Sumit Singhal loves modern architecture. He comes from a family of builders who have built more than 20 projects in the last ten years near Delhi in India. He has recently started writing about the architectural projects that catch his imagination.
Mosman Bay House in Perth, Australia by Iredale Pedersen Hook Architects
May 25th, 2016 by Sumit Singhal
Article source: Iredale Pedersen Hook Architects
The Mosman Bay House explores two contrasting spatial experiences, one is dynamic and fluid and one is passive and contemplative. One focuses on the distant views to the river and city and one is embedded with the garden. This Dr Jekyll and Mr Hyde quality responds to the programmatic requirements of active and communal spaces; living, dining, cooking and private spaces; sleeping, study and bathing.
In a reference to The Eames ‘Powers of Ten’ we explored multiple scales of relating to the site fluctuating between distant views and the dynamics of family relationships, contrasted with the tactile engagement with the garden and pool. The upper level appears as a stranded boat, a vessel drifted down the river and washed up on the foreshore, “from the river you could be in the city but not on or of it. You could be back from it out there on the water and see everything go by you, around you, leaving you untouched” (Tim Winton- Cloudstreet).
A third space connects interior and exterior, upper and lower levels, one long space and a returning point of reference for day-to-day experiences. This is a space that refuses to end and changes rapidly with external conditions. This space collects north light and distributes summer wind chilled by a sequence of cooling ponds.
External materials are tactile and designed to weather naturally, the lower level is finished in a white sand render, the foreshore of white river sand. The upper level is recycled and lapped Jarrah, a fluid vessel that meanders and wears the imprint of interior activities and furniture, a space that refuses to remain static.
The house is stretched along the east and west axis of the site, the lower level spaces all face north on to intimate and personal gardens, collecting winter sun and passive heat gain. The upper level shifts north to create a continuous veranda for the lower levels, providing privacy from neighbours and protection from summer sun. The underbelly of the upper level vessel is stained black reflecting the ground in to the interior spaces. The north shift in the upper level also allows winter sun penetration in to the south neighbours external activity areas.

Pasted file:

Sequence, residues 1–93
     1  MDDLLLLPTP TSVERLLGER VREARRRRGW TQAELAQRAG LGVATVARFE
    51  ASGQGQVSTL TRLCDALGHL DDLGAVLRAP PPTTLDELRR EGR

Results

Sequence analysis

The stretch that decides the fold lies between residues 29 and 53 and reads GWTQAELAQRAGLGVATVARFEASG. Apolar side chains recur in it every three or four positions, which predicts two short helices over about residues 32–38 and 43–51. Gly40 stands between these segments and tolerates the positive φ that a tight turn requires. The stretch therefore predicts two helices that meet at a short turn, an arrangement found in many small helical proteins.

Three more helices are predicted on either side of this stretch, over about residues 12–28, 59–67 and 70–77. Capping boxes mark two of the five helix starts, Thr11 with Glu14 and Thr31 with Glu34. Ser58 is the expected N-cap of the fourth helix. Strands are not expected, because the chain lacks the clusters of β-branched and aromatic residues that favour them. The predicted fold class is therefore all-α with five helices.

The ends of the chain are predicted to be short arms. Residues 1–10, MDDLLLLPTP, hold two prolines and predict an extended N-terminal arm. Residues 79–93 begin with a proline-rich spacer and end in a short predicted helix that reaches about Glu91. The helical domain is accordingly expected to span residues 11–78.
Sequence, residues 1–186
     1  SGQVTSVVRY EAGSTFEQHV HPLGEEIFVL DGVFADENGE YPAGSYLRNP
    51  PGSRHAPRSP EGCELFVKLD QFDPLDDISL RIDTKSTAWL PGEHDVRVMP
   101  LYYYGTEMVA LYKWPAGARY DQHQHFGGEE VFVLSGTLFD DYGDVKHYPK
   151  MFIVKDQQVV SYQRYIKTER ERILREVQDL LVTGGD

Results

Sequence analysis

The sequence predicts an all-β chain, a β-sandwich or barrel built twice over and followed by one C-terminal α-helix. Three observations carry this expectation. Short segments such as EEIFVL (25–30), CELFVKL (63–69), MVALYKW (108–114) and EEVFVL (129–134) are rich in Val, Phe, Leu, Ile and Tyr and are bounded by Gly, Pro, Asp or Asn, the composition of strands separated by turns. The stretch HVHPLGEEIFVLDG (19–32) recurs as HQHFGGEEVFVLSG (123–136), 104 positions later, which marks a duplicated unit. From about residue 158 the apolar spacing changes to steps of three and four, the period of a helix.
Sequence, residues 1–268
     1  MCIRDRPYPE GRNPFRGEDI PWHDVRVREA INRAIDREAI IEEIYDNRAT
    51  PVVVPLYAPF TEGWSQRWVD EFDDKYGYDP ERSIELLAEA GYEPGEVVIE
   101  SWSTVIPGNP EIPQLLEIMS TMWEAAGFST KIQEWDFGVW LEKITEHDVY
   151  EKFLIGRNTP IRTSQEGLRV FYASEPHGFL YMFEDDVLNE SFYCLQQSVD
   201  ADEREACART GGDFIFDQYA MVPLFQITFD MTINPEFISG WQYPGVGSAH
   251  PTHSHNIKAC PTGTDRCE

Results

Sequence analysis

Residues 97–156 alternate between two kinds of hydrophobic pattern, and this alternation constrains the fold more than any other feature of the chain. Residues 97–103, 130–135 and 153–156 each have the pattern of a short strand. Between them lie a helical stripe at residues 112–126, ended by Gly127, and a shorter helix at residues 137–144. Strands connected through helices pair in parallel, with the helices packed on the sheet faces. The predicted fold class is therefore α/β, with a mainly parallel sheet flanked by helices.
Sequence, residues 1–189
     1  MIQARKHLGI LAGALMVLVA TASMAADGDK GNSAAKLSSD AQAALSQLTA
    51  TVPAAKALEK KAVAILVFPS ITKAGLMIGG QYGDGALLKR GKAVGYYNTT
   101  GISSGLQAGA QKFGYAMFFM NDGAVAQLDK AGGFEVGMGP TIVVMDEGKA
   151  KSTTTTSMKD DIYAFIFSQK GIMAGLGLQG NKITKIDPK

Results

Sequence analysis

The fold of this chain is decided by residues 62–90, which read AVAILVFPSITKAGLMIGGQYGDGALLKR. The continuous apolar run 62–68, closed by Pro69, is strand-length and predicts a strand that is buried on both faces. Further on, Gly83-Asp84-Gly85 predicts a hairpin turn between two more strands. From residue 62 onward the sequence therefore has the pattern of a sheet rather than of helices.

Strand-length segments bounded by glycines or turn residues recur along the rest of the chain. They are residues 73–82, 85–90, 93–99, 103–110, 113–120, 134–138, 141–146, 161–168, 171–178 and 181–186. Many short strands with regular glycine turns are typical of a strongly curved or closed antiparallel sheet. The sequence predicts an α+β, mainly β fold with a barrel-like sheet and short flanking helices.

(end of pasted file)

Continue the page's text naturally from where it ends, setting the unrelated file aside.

The garden was specifically designed by Carrier Postmus to engage with the architectural concepts creating a lyrical and holistic experience. A series of ‘dancing’ white barked eucalypts filter north sun while in dialogue with the tilting columns and the meandering lapped Jarrah walls and screens leading one to the pool ‘Billabong’.
A fernery creates a cool and lush refuge space reflecting green light in to the study and bathing areas. A subtle native ‘carpet’ garden and olive grey colour palette responds to the white river sand walls reinforcing a sense of river foreshore. A hidden space with gas fireplace and moving recycled water allows one to ‘drift’ on the edge of the property.
An integrated glass art by Pamela Gaunt layers the lines of the architecture with the meandering line of the river, reflecting pattern and colour on to the white island bench.
This house is on a challenging long and narrow site in and east west orientation. This greatly influenced the environmental design of the house, it is stretched in an east west direction maximising the relationship of interior spaces to collect north passive heat gain in winter. The upper level shifts further north to create a continuous veranda protecting ground level spaces from summer sun while allowing the southern neighbour to still enjoy winter sun. The veranda and profile of the upper level was shaped by solar modelling assessing winter sun penetration to lower levels and in consideration of the functional requirements of the upper level.